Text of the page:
NFL’s first trans cheerleader slams North Carolina law banning males from competing in female sports

by WorldTribune Staff, September 22, 2023

In August, Republicans who hold a supermajority in North Carolina’s state legislature overrode Democrat Gov. Roy Cooper’s veto and pushed through the Fairness in Women’s Sports Act, which bans biological males from competing in female sports at the middle school, high school, and college levels.

Justine Lindsay, the NFL’s first transgender cheerleader, has vowed to “fight this until I can’t fight anymore. It saddens me to see it.”

Carolina Panthers cheerleader Justine Lindsay / Eakin Howard / Getty Images

In Marcy 2022 the 30-year-old Lindsay made the Carolina Panthers’ TopCats cheer squad. In an interview with Elle, Lindsay compared the achievement to becoming “a doctor or a nurse.”

“Everything that I’m going through now, it’s bigger than me. No one is going to stop the show,” Lindsay said.

The Daily Mail noted: “The dancer has become a figurehead in debates around transgender athletes inclusion in female sports — despite her own role not being threatened by a recent ban passed in her home state.”

After making the Panthers’ cheer squad, Lindsay told Elle: “People were like, ‘Are they going to put her in a dress? Are they going to put her in pants?’ ”

Cheer squad teammate Chris Crawford, one of two gay men who joined the team in November 2021, added that it was not surprising to see the angry reaction from some to Lindsay landing a place on the team, noting that “we are in the South.”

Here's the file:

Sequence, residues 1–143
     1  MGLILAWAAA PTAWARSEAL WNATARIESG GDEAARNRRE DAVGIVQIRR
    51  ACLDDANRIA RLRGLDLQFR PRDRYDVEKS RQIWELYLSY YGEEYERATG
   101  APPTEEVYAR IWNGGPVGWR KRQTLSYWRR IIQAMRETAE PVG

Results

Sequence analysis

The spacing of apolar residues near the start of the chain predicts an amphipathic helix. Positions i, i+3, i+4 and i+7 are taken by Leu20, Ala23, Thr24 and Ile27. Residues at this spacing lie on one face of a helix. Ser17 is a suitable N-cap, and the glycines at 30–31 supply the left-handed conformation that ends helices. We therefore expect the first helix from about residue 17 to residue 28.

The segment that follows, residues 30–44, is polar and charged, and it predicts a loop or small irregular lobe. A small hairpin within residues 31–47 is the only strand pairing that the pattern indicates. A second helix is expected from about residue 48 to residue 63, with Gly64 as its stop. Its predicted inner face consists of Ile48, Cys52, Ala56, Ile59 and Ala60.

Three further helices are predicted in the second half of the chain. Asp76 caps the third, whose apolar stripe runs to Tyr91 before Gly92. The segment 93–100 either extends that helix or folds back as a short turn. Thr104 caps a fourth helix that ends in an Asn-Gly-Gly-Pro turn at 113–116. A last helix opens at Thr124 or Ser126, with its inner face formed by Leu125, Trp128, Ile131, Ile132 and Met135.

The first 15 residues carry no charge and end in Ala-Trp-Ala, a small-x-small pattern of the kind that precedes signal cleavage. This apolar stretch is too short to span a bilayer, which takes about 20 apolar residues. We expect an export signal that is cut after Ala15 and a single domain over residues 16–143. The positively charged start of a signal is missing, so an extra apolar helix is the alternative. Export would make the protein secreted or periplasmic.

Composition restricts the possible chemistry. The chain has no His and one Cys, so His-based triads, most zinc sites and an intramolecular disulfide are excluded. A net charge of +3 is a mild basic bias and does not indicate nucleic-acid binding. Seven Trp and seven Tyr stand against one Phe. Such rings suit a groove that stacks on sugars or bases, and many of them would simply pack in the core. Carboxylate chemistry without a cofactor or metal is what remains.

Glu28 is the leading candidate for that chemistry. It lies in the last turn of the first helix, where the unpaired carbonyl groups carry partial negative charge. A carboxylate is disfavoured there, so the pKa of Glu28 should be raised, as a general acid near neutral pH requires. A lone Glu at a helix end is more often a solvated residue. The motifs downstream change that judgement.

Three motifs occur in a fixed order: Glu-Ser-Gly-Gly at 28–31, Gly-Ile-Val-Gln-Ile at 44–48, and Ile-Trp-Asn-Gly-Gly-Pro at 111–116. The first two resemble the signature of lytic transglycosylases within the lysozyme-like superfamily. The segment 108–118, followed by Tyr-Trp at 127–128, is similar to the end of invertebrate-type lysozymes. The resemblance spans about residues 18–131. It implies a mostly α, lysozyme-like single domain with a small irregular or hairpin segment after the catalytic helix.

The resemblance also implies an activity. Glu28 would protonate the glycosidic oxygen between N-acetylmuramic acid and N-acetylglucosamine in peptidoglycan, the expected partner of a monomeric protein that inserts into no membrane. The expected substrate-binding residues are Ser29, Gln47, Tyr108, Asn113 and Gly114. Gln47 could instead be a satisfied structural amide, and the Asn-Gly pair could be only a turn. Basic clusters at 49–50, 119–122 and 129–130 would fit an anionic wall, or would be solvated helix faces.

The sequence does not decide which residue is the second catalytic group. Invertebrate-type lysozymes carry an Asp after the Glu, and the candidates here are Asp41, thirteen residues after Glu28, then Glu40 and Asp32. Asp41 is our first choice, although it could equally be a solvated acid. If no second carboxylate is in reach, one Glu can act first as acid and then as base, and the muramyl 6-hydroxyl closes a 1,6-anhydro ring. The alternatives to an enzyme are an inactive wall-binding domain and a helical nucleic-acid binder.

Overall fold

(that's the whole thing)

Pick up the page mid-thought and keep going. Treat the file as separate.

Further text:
The push to ban biological males from female sports has been fueled most notably by hulking swimmer Lia Thomas’s win in the NCAA championships in March 2022.

In North Carolina, a biological male won a female cycling race by over five minutes. Austin Killips, 27, throttled the competition in the 137-mile long race called the Belgian Waffle Ride.

The issue forced champion cyclist Hannah Arensman from her sport after she lost out of a podium place to a trans cyclist. In April, Arensman announced the end of her dream of competing in the Olympics, saying the inclusion of trans racers meant she would “lose no matter how hard I train.”

Tommy Lundberg, a lecturer in physiology at Sweden’s Karolinska Institute and leading researcher on the subject, told in March: “The most important thing is whether or not you have benefited from male development and male puberty and if you’ve done that, you’re going to have advantages you cannot undo later.”

This view was also shared by Nancy Hogshead, a former pro swimmer who won three gold medals and one silver at the 1984 Olympics, who told “Trans women have an undeniable physical advantage. Their bodies do what male bodies do when they go through puberty and is the reason why we segregate sports ubiquitously around the world. Unless we’re talking about just playing, just recreational sports. All competitive sports are sex segregated.”

Lindsay has no plans to shy away from the spotlight, seeing becoming the first transgender cheerleader in the NFL as “setting things up for the younger generation. Everything that I’m going through now, it’s bigger than me.”

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